Region Date Label Format Catalog
United States 1970-11-01 Warner Bros. LP WS 1893
1978 Mobile Fidelity Sound Lab MFS-1-014
Worldwide 1987 Warner Bros. Compact Disc 1893-2
Cassette tape M5-1893
1990 LP 1893
United States 2001 Rhino DVD-Audio 74385
2003 CD 74397†
2004-10-24 Warner Bros./Rhino DualDisc 74385
2007 Grateful Dead CD 74794
Worldwide Rhino 1893
WEA/Rhino LP 8122736821

† Re-mastered edition with bonus tracks

See also[edit]


  1. ^ Rosner, Ben (July 4, 2016). "The 10 Most Patriotic Albums". Paste. Retrieved July 23, 2016. 
  2. ^ Allmusic Review
  3. ^ Grateful Dead album ratings at
  4. ^ Grateful Dead album ratings, Rolling Stone
  5. ^ American Beauty at Sputnikmusic
  6. ^ Garcia: An American Life by Blair Jackson, Penguin Books, 1999, p. 196.
  7. ^ a b Garcia: An American Life by Blair Jackson, Penguin Books, 1999, p. 202.
  8. ^ Phil Lesh: Searching for the Sound by Phil Lesh, Little, Brown and Company, 2005, p. 190.
  9. ^ Kreutzmann, Bill (2015). Deal. St. Martin's Press, New York. Chapter 10. ISBN 978-1-250-03380-2. 
  10. ^
  11. ^ Kreutzmann, Bill (2015). Deal. St. Martin's Press, New York. Chapter 9. ISBN 978-1-250-03380-2. 
  12. ^ List of Grateful Dead singles on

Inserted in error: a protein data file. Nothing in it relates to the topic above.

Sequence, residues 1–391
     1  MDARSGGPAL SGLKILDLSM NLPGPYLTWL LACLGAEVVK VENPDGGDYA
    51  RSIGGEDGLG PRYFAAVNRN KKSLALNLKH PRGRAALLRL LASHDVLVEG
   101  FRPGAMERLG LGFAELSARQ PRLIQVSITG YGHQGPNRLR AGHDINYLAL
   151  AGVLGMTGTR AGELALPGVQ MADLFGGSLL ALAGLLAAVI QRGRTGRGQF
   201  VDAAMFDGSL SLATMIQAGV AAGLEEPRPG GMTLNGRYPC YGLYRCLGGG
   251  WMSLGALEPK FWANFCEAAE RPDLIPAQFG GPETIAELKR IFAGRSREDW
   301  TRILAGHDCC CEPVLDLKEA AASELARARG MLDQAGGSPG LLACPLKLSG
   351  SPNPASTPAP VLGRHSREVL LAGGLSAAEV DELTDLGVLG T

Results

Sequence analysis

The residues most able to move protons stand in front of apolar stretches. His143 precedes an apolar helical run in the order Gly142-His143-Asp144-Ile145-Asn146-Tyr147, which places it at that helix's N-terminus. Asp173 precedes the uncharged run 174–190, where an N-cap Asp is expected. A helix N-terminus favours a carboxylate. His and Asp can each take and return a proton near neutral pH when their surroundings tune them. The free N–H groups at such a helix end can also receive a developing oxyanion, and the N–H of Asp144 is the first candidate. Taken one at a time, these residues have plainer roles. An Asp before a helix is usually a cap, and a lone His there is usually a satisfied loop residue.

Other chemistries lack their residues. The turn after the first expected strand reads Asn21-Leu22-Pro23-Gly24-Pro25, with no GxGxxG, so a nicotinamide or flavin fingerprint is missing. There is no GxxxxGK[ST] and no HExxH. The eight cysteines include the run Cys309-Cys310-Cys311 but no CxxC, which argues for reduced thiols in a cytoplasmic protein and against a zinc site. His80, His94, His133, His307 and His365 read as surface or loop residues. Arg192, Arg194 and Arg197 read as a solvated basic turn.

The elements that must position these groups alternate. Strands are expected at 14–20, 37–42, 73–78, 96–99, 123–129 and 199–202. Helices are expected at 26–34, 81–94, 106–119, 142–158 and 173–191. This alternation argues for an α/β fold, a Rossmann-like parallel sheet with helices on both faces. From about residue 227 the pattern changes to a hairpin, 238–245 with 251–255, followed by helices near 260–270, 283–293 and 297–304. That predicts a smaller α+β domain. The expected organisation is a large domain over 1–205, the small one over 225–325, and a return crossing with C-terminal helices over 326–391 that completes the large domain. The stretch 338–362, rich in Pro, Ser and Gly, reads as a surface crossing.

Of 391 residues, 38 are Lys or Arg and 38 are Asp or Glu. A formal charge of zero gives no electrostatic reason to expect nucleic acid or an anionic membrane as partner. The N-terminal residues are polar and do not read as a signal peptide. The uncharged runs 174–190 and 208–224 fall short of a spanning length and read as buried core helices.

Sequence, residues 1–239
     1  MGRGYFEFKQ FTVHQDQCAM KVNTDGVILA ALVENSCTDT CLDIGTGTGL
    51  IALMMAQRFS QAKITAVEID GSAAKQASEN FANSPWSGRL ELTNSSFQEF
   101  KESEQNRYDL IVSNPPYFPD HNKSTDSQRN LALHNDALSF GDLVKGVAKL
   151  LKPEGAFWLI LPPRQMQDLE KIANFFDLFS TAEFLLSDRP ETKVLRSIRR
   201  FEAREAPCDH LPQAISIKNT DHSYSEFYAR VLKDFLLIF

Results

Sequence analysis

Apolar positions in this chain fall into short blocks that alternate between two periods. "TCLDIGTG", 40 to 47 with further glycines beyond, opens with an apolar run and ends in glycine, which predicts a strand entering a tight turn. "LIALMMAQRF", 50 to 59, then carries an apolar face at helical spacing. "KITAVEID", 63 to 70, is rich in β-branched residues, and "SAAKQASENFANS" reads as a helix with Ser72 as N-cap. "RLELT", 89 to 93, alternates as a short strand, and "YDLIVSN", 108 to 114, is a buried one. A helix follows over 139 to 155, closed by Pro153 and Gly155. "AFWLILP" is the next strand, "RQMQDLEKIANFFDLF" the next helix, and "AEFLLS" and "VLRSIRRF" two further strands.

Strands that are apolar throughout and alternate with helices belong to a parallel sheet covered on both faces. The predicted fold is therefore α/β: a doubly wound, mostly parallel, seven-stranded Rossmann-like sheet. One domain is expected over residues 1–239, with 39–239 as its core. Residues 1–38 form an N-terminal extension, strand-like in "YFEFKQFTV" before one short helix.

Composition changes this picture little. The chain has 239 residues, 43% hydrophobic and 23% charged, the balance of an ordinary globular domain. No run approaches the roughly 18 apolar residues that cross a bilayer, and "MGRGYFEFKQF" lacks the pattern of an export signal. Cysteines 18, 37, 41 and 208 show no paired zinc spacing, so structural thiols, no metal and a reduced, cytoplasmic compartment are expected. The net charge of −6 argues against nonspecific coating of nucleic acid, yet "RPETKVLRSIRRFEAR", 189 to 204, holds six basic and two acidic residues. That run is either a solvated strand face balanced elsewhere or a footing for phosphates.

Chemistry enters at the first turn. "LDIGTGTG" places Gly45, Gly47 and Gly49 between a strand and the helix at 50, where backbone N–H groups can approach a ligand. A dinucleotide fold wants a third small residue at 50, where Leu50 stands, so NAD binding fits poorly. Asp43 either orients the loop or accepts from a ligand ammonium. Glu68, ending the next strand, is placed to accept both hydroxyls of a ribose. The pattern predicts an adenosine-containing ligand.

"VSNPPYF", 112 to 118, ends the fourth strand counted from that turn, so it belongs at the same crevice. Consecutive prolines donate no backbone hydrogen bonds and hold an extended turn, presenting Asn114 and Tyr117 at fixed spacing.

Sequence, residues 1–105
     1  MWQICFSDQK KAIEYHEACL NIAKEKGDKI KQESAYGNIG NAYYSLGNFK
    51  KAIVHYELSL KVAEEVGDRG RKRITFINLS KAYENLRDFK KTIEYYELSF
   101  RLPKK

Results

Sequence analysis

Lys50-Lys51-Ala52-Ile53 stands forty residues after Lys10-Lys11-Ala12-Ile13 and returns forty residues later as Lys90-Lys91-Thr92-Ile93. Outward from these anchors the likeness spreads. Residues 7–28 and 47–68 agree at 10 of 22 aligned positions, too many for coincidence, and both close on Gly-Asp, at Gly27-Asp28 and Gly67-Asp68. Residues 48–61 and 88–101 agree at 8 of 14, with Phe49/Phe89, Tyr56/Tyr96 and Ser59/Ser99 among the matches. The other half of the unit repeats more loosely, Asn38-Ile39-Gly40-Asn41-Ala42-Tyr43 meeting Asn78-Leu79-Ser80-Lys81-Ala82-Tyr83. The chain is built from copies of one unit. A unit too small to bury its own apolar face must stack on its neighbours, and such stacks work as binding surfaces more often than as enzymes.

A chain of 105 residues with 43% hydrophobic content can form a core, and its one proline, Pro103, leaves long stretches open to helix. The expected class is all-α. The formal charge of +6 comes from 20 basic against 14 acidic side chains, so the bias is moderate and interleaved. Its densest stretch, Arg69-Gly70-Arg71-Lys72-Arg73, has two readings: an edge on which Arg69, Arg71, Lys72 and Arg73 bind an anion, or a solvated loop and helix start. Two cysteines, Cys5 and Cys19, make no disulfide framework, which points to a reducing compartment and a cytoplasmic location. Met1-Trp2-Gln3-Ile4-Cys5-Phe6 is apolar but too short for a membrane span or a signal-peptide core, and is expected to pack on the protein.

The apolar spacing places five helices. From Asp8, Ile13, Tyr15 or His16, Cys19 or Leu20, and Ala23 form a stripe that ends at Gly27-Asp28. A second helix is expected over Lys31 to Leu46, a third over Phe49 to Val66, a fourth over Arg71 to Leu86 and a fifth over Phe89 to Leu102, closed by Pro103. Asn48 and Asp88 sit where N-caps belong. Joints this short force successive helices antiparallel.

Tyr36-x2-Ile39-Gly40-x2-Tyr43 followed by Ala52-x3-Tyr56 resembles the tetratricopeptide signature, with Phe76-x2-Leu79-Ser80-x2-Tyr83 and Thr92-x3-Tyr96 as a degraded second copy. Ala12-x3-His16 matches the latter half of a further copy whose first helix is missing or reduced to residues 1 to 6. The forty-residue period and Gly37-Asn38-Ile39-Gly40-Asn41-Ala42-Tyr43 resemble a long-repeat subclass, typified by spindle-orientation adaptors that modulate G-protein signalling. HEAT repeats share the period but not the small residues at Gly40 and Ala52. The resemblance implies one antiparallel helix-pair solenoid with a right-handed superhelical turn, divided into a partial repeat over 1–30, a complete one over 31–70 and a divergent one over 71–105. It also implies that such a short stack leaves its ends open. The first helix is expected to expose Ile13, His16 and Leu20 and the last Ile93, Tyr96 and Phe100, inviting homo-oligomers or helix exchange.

13. ^ Zwerling, Andy. American Beauty review from Rolling Stone, posted on Musical Stew Daily
  14. ^ Zwerling, Andy (December 24, 1970). "American Beauty | Album Reviews &#124". Rolling Stone. Retrieved December 4, 2011. 
  15. ^ Christgau, Robert. "Robert Christgau: CG: Grateful Dead". Retrieved December 4, 2011. 
  16. ^ a b Tom Zito (November 28, 1970). "The Grateful Dead: Settling Down". The Washington Post. p. B6. Retrieved February 6, 2016. (subscription required (help)). 
  17. ^ a b Ankeny, Jason. "American Beauty – Grateful Dead | AllMusic". AllMusic. Retrieved December 4, 2011. 
  18. ^ "2007 National Association of Recording Merchandisers (NARM) definitive 200 albums – All Time Top 200 Albums". 2008. Retrieved December 4, 2011. 
  19. ^ Robert Dimery; Michael Lydon (7 February 2006). 1001 Albums You Must Hear Before You Die: Revised and Updated Edition. Universe. ISBN 0-7893-1371-5. 
  20. ^ "Rolling Stone's 100 Greatest Album Covers". Rate Your Music. November 14, 1991. Retrieved March 18, 2011. 
  21. ^ "Billboard 200 album chart position". Rovi Corporation/Billboard. Retrieved November 22, 2010. 
  22. ^ "Billboard Hot 100 singles chart position". Rovi Corporation/Billboard. Retrieved November 22, 2010. 
  23. ^ a b c "RIAA Gold & Platinum database-American Beauty". Retrieved February 28, 2009. [permanent dead link]